Onirik : Your heroes have very often been marked by life, tragedies or their childhood. So in “dead giveaway” , Clay’s father run out on, or Madison, shell-shocked by the suffering of her family when he was incriminated to be a serial killer in “Cold feet”, Grace, in “dead silence”, abused by her stepfather, or, Gabrielle, forsaken by her mother in “taking the heat”. They try to live with this past that haunt them. You do not hesitate to analyse accurately the heroes feelings and moods. How do you manage to make your characters so human and describe their deep evolution while alone and face to face with their own selves?

Brenda Novak : This is something that happens instinctually. I often give my characters a challenging past because it is difficulties that forge them (and all humans) into who and what they are. Those who have never suffered have no depth of feeling. I like exploring how people conquer challenges and this is represented in my work. I like the theme of triumphing over all odds as much as the theme of redemption, I guess. After all, they sort of go hand in hand.

Onirik : Your “romances” stick out. It seems that you like to push the limits somehow static of the romance genre. So, I’m passionate about your book “big girls don’t cry”. The bigamy is processed appealingly, not melodramatic not light. I’ve been quite surprised to notice that the writing in your novel does not follow the usual path of romance Harlequin. The happy ending is not the usual one. What kind of style are you trying to reach or avoid?

Brenda Novak :I think I’m merely trying to exercise my own « voice. » My books are an extention of who I am as a human being. I haven’t set out to do anything particularly different, just to explore those things I find most interesting and many of them involve morally ambiguous situations. I don’t really believe in a black & white world where everything can be neatly categorized. My books almost always explore the « gray » area in between.

Onirik : Who are you favourite authors? Do they inspire you for your own books?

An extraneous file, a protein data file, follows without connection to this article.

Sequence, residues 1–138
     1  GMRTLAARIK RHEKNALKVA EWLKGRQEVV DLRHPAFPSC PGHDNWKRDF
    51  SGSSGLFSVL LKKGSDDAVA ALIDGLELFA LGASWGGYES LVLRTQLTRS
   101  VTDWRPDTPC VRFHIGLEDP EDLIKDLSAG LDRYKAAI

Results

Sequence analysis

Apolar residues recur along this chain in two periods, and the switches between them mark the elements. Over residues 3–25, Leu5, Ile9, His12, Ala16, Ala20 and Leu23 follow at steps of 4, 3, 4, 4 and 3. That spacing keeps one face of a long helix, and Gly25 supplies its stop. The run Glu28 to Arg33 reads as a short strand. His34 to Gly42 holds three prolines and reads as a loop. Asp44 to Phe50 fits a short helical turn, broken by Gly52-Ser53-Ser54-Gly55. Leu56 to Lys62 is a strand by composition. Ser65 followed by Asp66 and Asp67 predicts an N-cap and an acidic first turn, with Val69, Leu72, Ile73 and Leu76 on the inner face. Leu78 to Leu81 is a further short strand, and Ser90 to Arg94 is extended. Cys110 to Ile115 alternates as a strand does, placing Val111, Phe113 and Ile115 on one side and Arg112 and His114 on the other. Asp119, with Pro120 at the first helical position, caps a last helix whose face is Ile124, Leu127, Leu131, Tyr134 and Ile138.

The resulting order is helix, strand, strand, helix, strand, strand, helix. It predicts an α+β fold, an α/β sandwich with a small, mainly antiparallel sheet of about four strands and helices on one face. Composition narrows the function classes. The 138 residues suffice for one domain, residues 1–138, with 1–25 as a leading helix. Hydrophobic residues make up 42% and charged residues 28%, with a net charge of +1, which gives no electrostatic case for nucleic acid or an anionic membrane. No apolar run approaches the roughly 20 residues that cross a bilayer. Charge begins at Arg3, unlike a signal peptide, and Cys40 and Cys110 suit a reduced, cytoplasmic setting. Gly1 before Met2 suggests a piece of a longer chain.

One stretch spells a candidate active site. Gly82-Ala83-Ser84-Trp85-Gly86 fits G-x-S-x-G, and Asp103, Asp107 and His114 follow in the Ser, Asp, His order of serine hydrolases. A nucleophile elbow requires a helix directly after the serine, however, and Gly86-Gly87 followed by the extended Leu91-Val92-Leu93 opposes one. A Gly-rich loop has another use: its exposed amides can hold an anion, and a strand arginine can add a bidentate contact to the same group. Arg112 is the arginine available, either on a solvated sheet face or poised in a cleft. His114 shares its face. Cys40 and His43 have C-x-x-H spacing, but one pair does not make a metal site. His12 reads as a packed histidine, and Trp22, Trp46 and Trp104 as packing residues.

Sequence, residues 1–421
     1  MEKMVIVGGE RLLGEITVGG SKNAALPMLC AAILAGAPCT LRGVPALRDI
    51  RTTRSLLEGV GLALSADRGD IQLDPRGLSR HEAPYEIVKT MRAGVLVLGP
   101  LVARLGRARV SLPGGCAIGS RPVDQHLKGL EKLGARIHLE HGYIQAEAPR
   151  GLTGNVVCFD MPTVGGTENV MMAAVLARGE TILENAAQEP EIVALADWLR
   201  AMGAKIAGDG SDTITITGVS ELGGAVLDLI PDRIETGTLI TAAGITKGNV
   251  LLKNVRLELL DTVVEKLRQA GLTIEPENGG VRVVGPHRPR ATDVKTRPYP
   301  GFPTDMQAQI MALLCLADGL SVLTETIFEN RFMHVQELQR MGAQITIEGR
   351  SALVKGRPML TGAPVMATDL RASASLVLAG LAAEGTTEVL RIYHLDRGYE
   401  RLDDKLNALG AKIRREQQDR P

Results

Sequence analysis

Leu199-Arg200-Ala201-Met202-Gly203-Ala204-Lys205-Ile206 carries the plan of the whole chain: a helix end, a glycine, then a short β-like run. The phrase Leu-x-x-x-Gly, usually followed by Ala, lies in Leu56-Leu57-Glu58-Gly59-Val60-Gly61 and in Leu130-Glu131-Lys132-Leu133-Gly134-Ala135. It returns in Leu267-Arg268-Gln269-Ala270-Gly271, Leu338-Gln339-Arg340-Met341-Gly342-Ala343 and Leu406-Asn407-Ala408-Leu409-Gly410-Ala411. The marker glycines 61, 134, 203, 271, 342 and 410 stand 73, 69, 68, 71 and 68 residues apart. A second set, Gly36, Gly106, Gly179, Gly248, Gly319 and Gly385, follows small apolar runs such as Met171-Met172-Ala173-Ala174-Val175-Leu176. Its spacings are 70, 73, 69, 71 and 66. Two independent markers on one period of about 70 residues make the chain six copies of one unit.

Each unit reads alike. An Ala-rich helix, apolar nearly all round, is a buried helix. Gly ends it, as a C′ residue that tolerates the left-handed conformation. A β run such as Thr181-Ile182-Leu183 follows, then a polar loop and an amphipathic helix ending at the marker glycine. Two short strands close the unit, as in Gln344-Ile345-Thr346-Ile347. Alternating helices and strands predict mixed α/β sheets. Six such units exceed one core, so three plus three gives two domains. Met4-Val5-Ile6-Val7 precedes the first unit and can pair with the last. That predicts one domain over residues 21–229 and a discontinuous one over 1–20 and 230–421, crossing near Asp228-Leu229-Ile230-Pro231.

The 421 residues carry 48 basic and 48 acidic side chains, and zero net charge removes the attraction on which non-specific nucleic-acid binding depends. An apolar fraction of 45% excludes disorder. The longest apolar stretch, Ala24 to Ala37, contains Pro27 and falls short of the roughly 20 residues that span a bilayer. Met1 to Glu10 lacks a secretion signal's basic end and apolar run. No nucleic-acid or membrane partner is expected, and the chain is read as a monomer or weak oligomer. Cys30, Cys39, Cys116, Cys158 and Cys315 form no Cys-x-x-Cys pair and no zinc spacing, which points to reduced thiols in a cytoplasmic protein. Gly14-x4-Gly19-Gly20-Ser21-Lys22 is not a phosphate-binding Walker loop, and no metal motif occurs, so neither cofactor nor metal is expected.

Brenda Novak : I love straight historicals. Philippa Gregory is one of my favorites, and a new author I’ve just discovered is Brenda Rickman Vantrease. I also like true crime books, as they help convince me that there are some really twisted individuals out there, giving me fodder for the suspense element in my bigger books. Other favorites include Susan Elizabeth Phillips, Janet Evanovich, Barbara Taylor Bradford, Ken Follett, and James Clavell. They all inspire me to write better, try harder, keep aiming for the best story I can deliver.

Onirik : Can you disclose a few secrets about your next novel which will be published next summer? (I think it will be another trilogy… a romantic suspense?)

Brenda Novak : The next trilogy is actually the beginning of a series (which means there will be more connected books beyond the initial three). It’s based on a victim’s charity started by three women who know a little about violent crime–from having experienced it in their pasts. In the first book, TRUST ME, the heroine must deal with her past coming into her present while working to maintain all she’s achieved to help others. I think it’s probably my best book to date, so I’m very excited to see how readers receive it.

Marnie : Thank you very much, pardon me again cause my bad english. I hope my questions will be comprehensible…

Brenda Novak : You did very well with your English–I’m very impressed and sincerely wish I was bilingual. I envy you! Thanks for doing the interview!

Happy New Year!